Like I said, I enjoy living in Charlotte. I also like Cleveland a lot. But as a dude in his mid-twenties, if someone offered me a job in Manhattan that paid me enough to live a mostly-carefree lifestyle, and I could bring people I cared about with me? Hell to the yeah, I'd take it. In the summer of 2010, free agents will get to choose among all the NBA cities, and I'm guaranteeing that unless a given city has a championship team at the ready--Cleveland, Orlando, Portland, San Antonio--free agents will discount Charlotte, Milwaukee, Oklahoma City, Minneapolis, Memphis, and all other places that simply can't stack up with the Iconic Places, before they even consider what kind of organization and money the franchise can offer.

There are only so many free agents, and if LeBron leads the way with this rational choice, the other top-tier potential free agents may follow. Again, keep in mind that these are a bunch of guys ranging in age from their mid twenties to early thirties. None of them will want to go live in a relatively low-population, low-visibility, city and try to bring its basketball team up from the morass, no matter the money.

It's time to face reality. Charlotte cannot and should not plan to compete for top free agents in 2010. Yes, I'm still hung up on JRich and how his contract expired in 2011, but it's still a viable strategy to aim for that free agent class instead of the feeding frenzy in 2010.

We'd have the following players going in to the 2011-12 season, assuming nobody else in the league is stupid enough to take on our obscenely untradeable contracts, we'll drop Ajinca, we won't sign anyone to extensions, we won't trade picks, and the league extends its CBA:

Star Free Agent or Trade Acquisition -- $14.00
Emeka -- $12.54
Gerald -- $10.65
Kirk Hinrich -- $8.00
Carroll -- $3.90
2009-10 5th Pick (big) -- $3.13
2010-11 8th Pick (swing) -- $2.29
2011-12 8th Pick (big) -- $2.20
Reasonable Veteran -- $3.50
Reasonable Veteran -- $3.50
Minimum Youngster -- $0.80
Minimum Youngster -- $0.80
Minimum Youngster -- $0.80
Minimum Youngster -- $0.80

Note this also assumes that we won't have to give up our first round pick to Denver any time soon. See Kirk Hinrich? I'd see if Chicago is willing to swap him out for Diaw since Hinrich is completely redundant with Derrick Rose on board. Some other team might like Diaw, too, and a three way deal might make sense in order to get Chicago a true big man. Hinrich would immediately become the Bobcats' point guard because I'd use DJ Augustin to either package away nasty contracts or land an excellent player who expires after 2010 from a team trying to clear cap space for that summer. Richard Jefferson seems like a natural fit, even if Milwaukee's not likely to be big players in 2010, since the Bucks don't have a set point guard. The Bobcats can also land Chris Kaman for a slightly lesser price.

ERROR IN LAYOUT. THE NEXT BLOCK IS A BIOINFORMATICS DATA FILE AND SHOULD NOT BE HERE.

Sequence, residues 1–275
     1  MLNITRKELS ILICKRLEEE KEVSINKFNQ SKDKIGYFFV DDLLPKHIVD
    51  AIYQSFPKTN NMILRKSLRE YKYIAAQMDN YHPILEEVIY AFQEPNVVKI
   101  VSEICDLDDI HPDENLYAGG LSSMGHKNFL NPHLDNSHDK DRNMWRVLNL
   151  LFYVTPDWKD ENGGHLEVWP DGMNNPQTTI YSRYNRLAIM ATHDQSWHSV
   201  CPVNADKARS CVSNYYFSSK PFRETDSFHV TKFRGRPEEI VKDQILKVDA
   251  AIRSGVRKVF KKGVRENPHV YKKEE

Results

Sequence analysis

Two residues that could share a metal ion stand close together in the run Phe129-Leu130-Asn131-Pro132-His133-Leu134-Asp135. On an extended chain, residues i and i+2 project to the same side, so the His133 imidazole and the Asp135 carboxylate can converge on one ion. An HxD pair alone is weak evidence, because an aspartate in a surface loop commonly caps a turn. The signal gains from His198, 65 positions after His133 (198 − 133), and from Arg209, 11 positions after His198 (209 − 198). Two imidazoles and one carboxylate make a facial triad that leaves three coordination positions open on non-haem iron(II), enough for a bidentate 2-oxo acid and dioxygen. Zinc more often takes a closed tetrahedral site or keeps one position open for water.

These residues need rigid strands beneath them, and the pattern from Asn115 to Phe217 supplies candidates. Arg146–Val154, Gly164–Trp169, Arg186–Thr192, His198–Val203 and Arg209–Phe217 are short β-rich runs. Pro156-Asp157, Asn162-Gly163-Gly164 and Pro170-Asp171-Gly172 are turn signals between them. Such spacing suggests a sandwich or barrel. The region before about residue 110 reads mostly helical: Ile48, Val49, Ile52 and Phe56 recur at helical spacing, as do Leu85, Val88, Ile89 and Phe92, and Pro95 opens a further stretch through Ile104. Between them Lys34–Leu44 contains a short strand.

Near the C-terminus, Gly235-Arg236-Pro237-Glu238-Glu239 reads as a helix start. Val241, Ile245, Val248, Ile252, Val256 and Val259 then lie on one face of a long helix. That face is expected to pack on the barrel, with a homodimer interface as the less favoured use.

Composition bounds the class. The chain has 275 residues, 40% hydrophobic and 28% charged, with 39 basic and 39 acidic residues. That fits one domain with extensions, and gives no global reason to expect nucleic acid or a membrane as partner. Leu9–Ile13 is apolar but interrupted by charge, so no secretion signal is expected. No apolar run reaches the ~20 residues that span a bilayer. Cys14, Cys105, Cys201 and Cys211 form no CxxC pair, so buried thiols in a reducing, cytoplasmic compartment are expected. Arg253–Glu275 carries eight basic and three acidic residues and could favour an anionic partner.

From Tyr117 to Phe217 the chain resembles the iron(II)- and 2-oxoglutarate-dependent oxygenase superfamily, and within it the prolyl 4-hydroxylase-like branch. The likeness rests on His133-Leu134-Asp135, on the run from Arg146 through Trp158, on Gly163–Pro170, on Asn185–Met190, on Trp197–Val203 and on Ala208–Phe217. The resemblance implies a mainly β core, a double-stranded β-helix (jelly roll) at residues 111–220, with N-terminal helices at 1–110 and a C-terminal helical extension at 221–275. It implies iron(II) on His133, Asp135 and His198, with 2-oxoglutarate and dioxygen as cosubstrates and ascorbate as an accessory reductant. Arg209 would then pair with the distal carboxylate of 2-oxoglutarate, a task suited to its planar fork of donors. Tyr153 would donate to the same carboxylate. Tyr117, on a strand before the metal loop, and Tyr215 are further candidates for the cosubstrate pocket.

The beauty of it all is that if two of the lottery picks pan out into better than average players, we'll have a team attractive to a quality free agent because we'll be roughly $12 million under the cap going into that summer. Find a useful player in the second round or find someone cheaper than the Reasonable Veterans above, and we're talking about being able to offer someone max money to be an offensive force on a defense-first team, with Gerald as a reasonable second option and Hinrich able to hit enough threes to keep 'em honest.

Portland's not likely to let Brandon Roy go, but he's the cream of the '06 draft. Someone like Rudy Gay might be available, too. The big catch will be Carmelo, defensive woes and all. Say the Bobcats abandon all hope of competing in the 2010 free agent free for all. Say they aim for the summer of 2011. Yes, they'll be getting leftovers. But the cupboard won't be that bare.